This year we are celebrating 100 years of the birth of India’s first woman Prime Minister and the iron-lady of India – Ms Indira Gandhi – who was one of the most popular Prime Ministers India ever had. Despite her own political party being in doldrums and the Bhartiya Janta Party’s relentless efforts to undermine the legacy of the Congress stalwarts like Jawaharlal Nehru and Indira Gandhi, it seems very hard to forget the contribution of Ms Gandhi in our nation-building – particularly her initiatives in protecting the environment.
People may well remember and judge her according to their own interpretations- some may recall her as one of the strongest leaders who played the central role in the formation of Bangladesh, some may recall her as the leader who ruthlessly imposed emergency; forcefully sterilizing thousands of youths and sending her critics and opposition leaders behind bars. Well – one may like her or dislike her, but cannot ignore her.
Jairam Ramesh, former Environment Minister and senior leader of the Congress party, this year, launched his book- “Indira Gandhi: A Life in Nature”- which in his own words is an “unconventional biography” of the leader because it focuses majorly on her life as an Environmentalist.
In his book, Ramesh writes about how Indira Gandhi was one of the few world leaders in the 1970s talking about climate change when it was not considered as important an issue as it is today. Going through the letters written to and by her and recalling the vital legislation and laws passed in the 1970s and 80s to protect nature, Ramesh through his book succeeds in his attempt to make the readers know about this “soft-side” of the Iron-lady, who, most of the times, is remembered and seen as an authoritarian leader who had blotted the nation’s by and large democratic trajectory post-1947.
Indira Gandhi was the only head of the state apart from the host Prime Minister who spoke at the United Nations Conference on the Human Environment held in 1972 in Stockholm. In the 1970s, climate change and the proposition to save the environment were largely viewed by the under-developed and developing countries as a ploy by the Western countries to deprive them of development. Countries like China, India and other Latin-American countries like Brazil felt that the European countries and the United States, having exploited the environment and natural resources, climbed the ladder of development and were now talking about the environment to deprive other nations of development.
India, at that point in time, was also grappling with poverty, inflation, unemployment and lack of industries. In such an atmosphere, it was very surprising and unusual for Ms Gandhi to talk about climate change. Hence, Ms Gandhi’s speech at the conference was a watershed moment in the history of climate change, when developing countries also started looking at climate change as a profound challenge. Her speech established her credentials as a visionary leader who could envisage the co-operation needed between the oriental and occidental countries to save the planet. What she had envisaged is now being manifested in the form of the Kyoto Protocol deal and the Paris Climate Deal, among the developed as well as developing nations.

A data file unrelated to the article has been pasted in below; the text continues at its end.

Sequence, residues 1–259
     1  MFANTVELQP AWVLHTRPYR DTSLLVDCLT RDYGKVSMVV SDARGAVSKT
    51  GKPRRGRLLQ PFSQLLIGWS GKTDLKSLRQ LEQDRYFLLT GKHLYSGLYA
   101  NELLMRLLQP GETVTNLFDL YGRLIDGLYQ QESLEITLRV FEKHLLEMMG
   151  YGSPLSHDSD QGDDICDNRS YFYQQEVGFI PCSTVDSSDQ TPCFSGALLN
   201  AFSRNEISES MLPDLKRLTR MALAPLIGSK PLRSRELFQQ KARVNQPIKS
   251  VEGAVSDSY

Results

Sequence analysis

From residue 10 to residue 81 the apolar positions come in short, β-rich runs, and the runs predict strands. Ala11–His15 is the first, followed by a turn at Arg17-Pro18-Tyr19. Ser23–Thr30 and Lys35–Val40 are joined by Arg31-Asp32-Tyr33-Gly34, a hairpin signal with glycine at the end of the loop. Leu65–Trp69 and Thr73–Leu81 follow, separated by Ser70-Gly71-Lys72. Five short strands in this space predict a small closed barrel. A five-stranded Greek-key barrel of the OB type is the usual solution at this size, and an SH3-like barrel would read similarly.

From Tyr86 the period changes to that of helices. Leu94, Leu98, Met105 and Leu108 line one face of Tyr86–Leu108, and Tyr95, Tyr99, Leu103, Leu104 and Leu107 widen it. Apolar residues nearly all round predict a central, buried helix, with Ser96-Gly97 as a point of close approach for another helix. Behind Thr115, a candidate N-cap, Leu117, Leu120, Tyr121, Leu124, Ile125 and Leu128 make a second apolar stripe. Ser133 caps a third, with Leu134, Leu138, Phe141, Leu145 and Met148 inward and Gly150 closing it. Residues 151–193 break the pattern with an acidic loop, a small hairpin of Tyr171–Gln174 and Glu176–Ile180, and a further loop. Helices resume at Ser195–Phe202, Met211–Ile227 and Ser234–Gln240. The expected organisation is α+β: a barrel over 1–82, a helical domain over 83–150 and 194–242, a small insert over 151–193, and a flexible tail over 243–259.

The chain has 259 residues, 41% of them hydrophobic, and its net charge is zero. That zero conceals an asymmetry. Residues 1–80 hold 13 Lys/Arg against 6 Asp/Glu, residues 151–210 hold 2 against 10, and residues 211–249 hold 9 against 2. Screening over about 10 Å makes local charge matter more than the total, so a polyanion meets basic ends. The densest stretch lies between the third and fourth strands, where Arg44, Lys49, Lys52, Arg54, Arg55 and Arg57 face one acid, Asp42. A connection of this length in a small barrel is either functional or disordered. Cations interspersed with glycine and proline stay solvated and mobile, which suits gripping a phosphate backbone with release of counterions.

Ms Gandhi, out of her personal conviction towards the cause of the environment, led from the front when it came to legislation and laws passed during her regime. Project Tiger, which was instrumental in giving a new lease on life to the big cats, was also Ms Gandhi’s pet project. It played an indispensable role in saving the tigers. The hunting of tigers, lions and other wild animals was also banned during her regime, which made diplomats and other elites unhappy as it deprived them of their favourite pastime. Legislations like Wildlife Protection Act (1972), Forest Conservation Act (1980), Water (Prevention and Control of Pollution act 1974) and Air (Prevention and control of Pollution act 1981) were passed during her regime. Indian Forest Services and Environment Ministry as a portfolio were also established during her regime.
It would be pertinent to analyse the dilemma Ms Gandhi faced while steering these legislations, as the country was facing acute poverty, inflation and unemployment. She must have felt tempted to exploit the natural resources exhaustively in order to uplift the nation, but unlike her father and first Prime Minister of India Pandit Jawaharlal Nehru who saw dams as “temple(s) of modern India”, many a times she supported the environmental organizations in their fights against dams and other sensitive projects like Tehri dams or Silent Valley dam. Often she would go against her own party members and Chief Ministers of her own party.
However, Ramesh in his book recalls how, as the head of the state, she succumbed, though seldom, to the needs of the society and nation and put the issues of the environment on the back-burner. He cites an example when Ms Gandhi gave the go-ahead to start Mathura Refinery knowing fully well that it could affect the Taj Mahal and Bharatpur Bird Sanctuary.
Apart from her administration and government initiatives, Ramesh in his book also tells about some anecdotes and personal moments of Ms Gandhi. He recalls that Ms Gandhi, in her childhood, would often climb up trees and sit there for hours reading books. He recalls how her childhood was full of solitude and loneliness as Panditji at that point in time was in jail for 10 years, while she was taking care of her ailing mother. Ms Gandhi, to overcome her solitude, found refuge in the realms of nature and wildlife.
As India tops the list of countries having the most polluted cities in the world, it would be pertinent for the current regime and dispensations to come in the future to take a lesson or two from Ms Gandhi’s rich and vibrant advocacy for the environment.